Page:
Age Concern New Zealand (ACNZ) and The New Zealand Association of Gerontology (NZAG) are inviting abstract submissions for oral and poster presentations for their collaborative conference Vision for Ageing in Aotearoa. The conference is designed to be broad and inclusive, reflecting the collaborative focus of the conference.

Submissions are welcome from researchers, policymakers, practitioners, service providers and service users. The organisations are seeking to facilitate a cross-sector conversation about how ageing in New Zealand is experienced now, and how it could look into the future. Submissions close on 31 May.

See the abstract submission guidelines here.

Charities Services phases out cheques

Following banking sector changes, Charities Services will no longer accept cheques from charities as payment for annual return fees from June 2021. Charities will be able to pay their annual return fees online through internet banking.

See guidance for online payment from Charities Services here.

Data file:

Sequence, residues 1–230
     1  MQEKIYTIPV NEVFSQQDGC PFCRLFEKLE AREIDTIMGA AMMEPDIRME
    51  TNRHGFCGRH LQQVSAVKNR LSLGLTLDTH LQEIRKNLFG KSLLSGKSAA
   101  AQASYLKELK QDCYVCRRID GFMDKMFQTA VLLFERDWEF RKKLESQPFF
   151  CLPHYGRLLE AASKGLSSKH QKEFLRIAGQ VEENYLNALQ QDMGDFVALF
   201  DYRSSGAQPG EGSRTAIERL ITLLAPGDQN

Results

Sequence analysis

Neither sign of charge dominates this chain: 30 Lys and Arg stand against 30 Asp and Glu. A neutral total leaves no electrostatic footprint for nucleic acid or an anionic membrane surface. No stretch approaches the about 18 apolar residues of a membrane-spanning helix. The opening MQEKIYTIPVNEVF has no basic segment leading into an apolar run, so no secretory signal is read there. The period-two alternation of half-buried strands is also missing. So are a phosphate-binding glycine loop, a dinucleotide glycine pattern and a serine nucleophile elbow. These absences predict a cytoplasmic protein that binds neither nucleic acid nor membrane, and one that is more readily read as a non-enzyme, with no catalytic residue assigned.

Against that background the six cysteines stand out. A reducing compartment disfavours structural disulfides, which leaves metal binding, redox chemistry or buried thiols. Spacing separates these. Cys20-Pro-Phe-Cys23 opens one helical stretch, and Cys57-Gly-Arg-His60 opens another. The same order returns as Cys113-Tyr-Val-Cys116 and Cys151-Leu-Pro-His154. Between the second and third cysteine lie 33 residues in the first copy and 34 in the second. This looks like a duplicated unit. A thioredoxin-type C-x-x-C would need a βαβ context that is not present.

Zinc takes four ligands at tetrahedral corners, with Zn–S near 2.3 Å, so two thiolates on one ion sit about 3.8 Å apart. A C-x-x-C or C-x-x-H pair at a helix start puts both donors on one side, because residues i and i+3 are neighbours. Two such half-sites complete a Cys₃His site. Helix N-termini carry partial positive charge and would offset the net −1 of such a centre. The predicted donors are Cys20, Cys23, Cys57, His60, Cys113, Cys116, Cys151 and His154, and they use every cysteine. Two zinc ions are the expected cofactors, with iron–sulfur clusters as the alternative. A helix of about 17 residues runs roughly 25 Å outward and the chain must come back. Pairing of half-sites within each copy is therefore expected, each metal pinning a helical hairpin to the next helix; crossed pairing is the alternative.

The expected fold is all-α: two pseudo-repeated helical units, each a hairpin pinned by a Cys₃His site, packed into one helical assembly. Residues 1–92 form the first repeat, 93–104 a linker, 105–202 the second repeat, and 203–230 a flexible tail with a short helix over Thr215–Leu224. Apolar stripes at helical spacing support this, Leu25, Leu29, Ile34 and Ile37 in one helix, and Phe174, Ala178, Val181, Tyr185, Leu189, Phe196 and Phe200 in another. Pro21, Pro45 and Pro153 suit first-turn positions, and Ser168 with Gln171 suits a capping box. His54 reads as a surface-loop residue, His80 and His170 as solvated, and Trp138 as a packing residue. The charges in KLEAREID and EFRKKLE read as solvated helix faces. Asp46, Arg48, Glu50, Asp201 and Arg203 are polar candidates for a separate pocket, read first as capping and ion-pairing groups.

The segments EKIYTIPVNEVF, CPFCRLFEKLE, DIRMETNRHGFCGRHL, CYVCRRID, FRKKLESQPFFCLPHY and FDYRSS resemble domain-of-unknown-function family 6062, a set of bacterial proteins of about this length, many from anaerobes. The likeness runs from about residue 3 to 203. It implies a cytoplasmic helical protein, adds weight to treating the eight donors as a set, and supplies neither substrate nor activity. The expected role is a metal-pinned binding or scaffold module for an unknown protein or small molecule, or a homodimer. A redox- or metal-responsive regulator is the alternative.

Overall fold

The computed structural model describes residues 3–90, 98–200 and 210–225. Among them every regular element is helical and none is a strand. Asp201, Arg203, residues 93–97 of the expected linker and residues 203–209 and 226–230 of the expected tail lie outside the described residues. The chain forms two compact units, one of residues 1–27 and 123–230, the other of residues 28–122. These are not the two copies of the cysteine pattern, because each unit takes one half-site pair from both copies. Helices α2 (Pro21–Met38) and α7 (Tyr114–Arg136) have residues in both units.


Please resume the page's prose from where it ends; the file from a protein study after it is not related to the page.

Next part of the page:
Review announced to shape the future of local government

Local Government Minister Nanaia Mahuta has announced an independent review to explore how New Zealand’s system of local democracy needs to evolve over the next 30 years.

The review has arisen because of the wave of reforms heading the way of local government.  The Government’s advancing of an overhaul of the three waters sector and the resource management system are foremost among a suite of reform programmes that have the potential to reshape Aotearoa New Zealand’s system of local government.

Chaired by former Chief Executive of the Waimakariri District Council, the review panel will initially focus on how local government will be a key contributor to the wellbeing and prosperity of New Zealand and an essential connection to communities in the governance of New Zealand in the future.

The panel is to engage with iwi/Māori, other stakeholders impacted by changes in local government (e.g. rural communities), the public (including diverse communities), and local and central government representatives, as a minimum.

A final report is due with the Minister on 30 April 2023.

Read the terms of reference here.